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Mark Tattersall

Mark Tattersall: The closest thing that the club has to its very own version of Andrew Flintoff, which is to say that they’re both stout all-rounders of yeoman English stock with an other half named Rachel. That is perhaps where the likeness ends because where Flintoff is the nation’s hero of the hour, destroying Australians and pints with equal relish, Tattersall is a model of clean living, a quiet soul who spends his Sunday mornings at church.

It is Tattersall’s abstemious nature and preference for mineral water over strong drink that has enabled this devout young man to establish himself as Offley’s premier all-rounder. In 2005 he carved out a new role for himself at the top of the order as the club sought to take advantage of the 40-over format on a Sunday. Tattersall was sent in first to smash the bowlers off their line and his simple but effective matter of standing still and swinging through the line, using his bat as a nine-iron, allowed him to get the team off to a number of fine starts. He never looked likely to increase his tally of centuries but provided an increasingly assured presence as an opener, even blending a couple of text book defensive shots with his fine assortment of mows, smears and hoicks.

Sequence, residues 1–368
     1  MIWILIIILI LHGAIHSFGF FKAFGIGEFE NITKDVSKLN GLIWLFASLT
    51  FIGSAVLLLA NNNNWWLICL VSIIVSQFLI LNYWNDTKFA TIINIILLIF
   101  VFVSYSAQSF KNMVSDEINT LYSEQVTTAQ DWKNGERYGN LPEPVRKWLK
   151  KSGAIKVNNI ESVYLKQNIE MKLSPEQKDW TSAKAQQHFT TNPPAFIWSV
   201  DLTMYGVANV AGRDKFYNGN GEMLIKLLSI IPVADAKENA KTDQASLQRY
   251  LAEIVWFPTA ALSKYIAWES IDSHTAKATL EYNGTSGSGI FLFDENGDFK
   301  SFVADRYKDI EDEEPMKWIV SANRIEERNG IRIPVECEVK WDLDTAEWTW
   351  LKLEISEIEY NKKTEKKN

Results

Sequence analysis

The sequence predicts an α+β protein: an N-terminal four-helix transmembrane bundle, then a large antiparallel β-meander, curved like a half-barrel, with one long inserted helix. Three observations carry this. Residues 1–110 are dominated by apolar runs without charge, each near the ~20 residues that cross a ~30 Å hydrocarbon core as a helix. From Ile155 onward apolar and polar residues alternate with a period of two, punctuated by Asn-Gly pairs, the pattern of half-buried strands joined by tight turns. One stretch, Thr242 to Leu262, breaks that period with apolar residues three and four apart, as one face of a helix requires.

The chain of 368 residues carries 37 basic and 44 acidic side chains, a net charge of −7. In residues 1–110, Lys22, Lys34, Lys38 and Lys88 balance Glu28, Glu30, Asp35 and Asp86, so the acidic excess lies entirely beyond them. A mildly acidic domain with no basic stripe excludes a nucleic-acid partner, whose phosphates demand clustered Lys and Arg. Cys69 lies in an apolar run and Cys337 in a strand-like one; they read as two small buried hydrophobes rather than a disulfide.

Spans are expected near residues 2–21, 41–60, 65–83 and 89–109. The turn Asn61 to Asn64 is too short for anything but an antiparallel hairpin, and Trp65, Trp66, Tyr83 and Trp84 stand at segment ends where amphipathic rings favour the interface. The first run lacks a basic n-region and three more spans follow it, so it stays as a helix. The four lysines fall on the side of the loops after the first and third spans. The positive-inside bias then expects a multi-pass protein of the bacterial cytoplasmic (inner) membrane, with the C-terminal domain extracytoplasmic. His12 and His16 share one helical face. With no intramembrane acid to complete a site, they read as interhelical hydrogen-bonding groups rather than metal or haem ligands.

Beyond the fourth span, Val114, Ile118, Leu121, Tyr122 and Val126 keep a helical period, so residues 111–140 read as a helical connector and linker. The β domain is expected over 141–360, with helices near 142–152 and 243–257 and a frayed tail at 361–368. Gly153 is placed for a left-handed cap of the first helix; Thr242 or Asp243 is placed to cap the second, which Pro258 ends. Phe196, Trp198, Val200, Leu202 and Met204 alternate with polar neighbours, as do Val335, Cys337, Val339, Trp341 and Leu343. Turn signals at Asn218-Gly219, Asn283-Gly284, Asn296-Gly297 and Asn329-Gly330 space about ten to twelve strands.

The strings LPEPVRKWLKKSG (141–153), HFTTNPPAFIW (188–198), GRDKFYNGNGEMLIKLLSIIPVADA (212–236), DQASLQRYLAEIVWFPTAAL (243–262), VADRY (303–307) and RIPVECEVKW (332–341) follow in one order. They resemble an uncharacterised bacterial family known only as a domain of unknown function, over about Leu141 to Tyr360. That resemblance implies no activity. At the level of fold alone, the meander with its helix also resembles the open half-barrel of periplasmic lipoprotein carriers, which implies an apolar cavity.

His bowling remains impressive. Tattersall has shown that he can consistently move the ball away from the batsman both through the air and off the pitch. The self-styled Offley Express scooped the bowling honours in 2004 and again produced some quality performances last season. He has been known to experiment with leg spin but is most effective as a medium pacer who can hurry the odd batsman with his heavy ball, delivered with surprising speed for someone of such a chunky frame.

He has become one of the club’s most effective fielders, displaying a tremendously reliable pair of hands and an exceptional arm. Despite a serious injury on the football field some years ago he has recovered full fitness and is equally at home on the boundary or at point.

His biggest disappointment this year was when he was beaten into fourth place at the Offley Masters.